I thought it would only be for a few days, just a little hunting trip by myself to escape the other boys' teasing. […] It was quiet enough when I came back, though. The gate stood open. The guard lay across the threshold with his throat cut. Inside, dead, all dead, my lord, my family, betrayed by a hall guest who had opened the gate one dark night to tribesmen from the hills. I tracked that man down. I took my great-grandfather's war axe, which the hall guest had stolen, out of his hand and split his skull with it. His kin hunted me through the mountains half that winter. I killed most of them. Ah, but it was a red, red time.
– Marc, God Stalk, "Chapter 8: Voices of the Past"
Kithorn is an old ceremonial site to the Merikit. The well in the center of the keep leads down the throat of the River Snake, and far predates any keep there. The lord of Kithorn had previously allowed the Merikit access to the keep for their ceremonies.
The ceremony usually involved sacrificing a goat. However, after a season of bad earthquakes, the Merikit planned to pacify the River Snake with a human. The lord of Kithorn found out, and refused to allow the ceremony to happen. The Merikit, fearing the Riverland would be destroyed if their ceremony failed, planned to seize Kithorn, and hold the Kencyr captive until the ceremony was over. They didn't intend to injury any of the Kencyr, however.
A Kendar was guarding the gate, and to get in, a Merikit killed him. Then, fearing the Kencyr retaliation for that, the Merikit panicked, and killed all the other Kencyr at Kithorn to prevent a blood feud.
Marc, one Kendar of Kithorn, was in the hills hunting at the time. When he returned to find what had happened, he engaged in a blood feud against the Merikit.
Kithorn was left in it's half-burnt state, and the Kencyr did not claim Kithorn again. Since then, the Merikit have been able to conduct their ceremonies without issue.
The Kencyr never recovered some of the bodies of those killed in the massacre. Kencyr tradition holds that ever single bone of a body must be burnt, and so they started "bone hunts", searching Kithorn for the bones of the Kencyr. Long after most of the bones were already found, the tradition continued, as a rite of passage.
↑ 1.01.11.2Seeker's Mask, "Part VIII: Kithorn" — " 'This courtyard has been a ceremonial site for time out of mind. The old lord who held this keep didn't mind. He even got his people out of the way so as to give the Merikit a free hand, so he didn't know about all the goats that'd been pitched down his well over the quiet years. The River Snake got 'em all, you see, so the water never suffered. But then there was a season of bad quakes and the Merikit planned to send down a hero. The lord got wind of it, though, and refused to have a corpse thrown down his only well. The Merikit were desperate. They thought, if they didn't do something, the Snake would destroy the entire Riverland. So they planned to seize Kithorn on Autumn's Eve and hold its garrison captive until their work was done. No one was supposed to be hurt.' 'But the Merikit hall-guest who opened the gate cut the throat of the Kendar guarding it,' […] 'So he did. They knew that there would be a blood-price to pay for that, and they panicked. The barracks was sealed and set ablaze; the tower, stormed; the people—men, women, and children, Highborn and Kendar—slaughtered. Tungit wept when he told me, the last time we met before the hills were closed. And then, despite it all, the price fell due, because they'd missed someone.' "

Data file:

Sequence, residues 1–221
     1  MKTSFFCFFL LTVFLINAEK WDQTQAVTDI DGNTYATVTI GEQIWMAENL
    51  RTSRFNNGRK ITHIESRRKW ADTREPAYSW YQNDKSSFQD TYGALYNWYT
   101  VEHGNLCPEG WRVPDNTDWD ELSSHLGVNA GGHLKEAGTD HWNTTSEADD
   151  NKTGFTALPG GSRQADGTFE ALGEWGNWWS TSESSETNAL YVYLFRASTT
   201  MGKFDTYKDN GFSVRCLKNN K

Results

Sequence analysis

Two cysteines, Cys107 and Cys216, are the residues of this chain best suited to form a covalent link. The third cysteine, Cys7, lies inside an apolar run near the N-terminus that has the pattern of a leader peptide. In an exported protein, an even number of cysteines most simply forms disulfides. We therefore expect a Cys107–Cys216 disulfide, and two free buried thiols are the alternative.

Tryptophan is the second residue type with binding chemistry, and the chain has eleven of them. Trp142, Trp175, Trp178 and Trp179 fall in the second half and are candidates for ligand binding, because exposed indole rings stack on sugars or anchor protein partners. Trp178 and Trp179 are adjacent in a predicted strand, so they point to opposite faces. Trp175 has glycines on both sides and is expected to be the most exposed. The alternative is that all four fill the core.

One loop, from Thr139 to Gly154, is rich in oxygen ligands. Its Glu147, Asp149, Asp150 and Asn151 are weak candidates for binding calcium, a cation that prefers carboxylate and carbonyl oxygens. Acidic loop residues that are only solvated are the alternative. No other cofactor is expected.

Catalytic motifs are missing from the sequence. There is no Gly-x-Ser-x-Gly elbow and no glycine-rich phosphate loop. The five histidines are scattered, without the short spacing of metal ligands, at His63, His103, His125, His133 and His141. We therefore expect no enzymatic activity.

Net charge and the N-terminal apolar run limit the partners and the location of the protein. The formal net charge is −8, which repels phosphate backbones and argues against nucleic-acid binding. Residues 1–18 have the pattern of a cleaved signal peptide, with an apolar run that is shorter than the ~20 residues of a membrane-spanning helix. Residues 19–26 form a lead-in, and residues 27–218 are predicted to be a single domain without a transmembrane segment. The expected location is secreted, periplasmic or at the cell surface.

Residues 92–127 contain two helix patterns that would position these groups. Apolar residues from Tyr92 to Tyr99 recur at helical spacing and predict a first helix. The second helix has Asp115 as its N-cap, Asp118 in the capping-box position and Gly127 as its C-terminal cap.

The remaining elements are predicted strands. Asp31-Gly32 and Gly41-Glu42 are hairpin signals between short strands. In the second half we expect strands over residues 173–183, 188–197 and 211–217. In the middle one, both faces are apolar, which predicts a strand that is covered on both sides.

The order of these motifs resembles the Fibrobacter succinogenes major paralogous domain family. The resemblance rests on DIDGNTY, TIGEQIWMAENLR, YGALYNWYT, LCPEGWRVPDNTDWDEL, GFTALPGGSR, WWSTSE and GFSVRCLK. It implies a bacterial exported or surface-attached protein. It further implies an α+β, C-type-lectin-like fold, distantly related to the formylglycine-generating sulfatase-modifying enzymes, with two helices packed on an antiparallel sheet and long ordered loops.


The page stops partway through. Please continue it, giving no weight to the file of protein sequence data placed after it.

↑To Ride a Rathorn, "Chapter I: An Unfortunate Arrival", I — "For a moment, she might have been looking down on Kithorn, the bones of its slaughtered garrison lying unclaimed and dishonored in its smoldering ruins. None of her generation had been alive then, eighty years ago, but no one in the vulnerable border keeps ever forgot that terrible story or the cruel lesson it had taught."
↑Dark of the Moon, "Chapter 2: The Hell Hunt" — " 'You've probably heard that most of the bodies were recovered the next spring when word of the massacre filtered south. But some couldn't be found. Boys started slipping into the hills on bone hunts. Our grandfathers started it, and our fathers went, too. Now we go, although there's precious little left to find, and we get beaten at home if we're caught at it; but, well, it's become a sort of ritual, and Trinity help the boy who doesn't visit Kithorn at least once before he turns fifteen.' "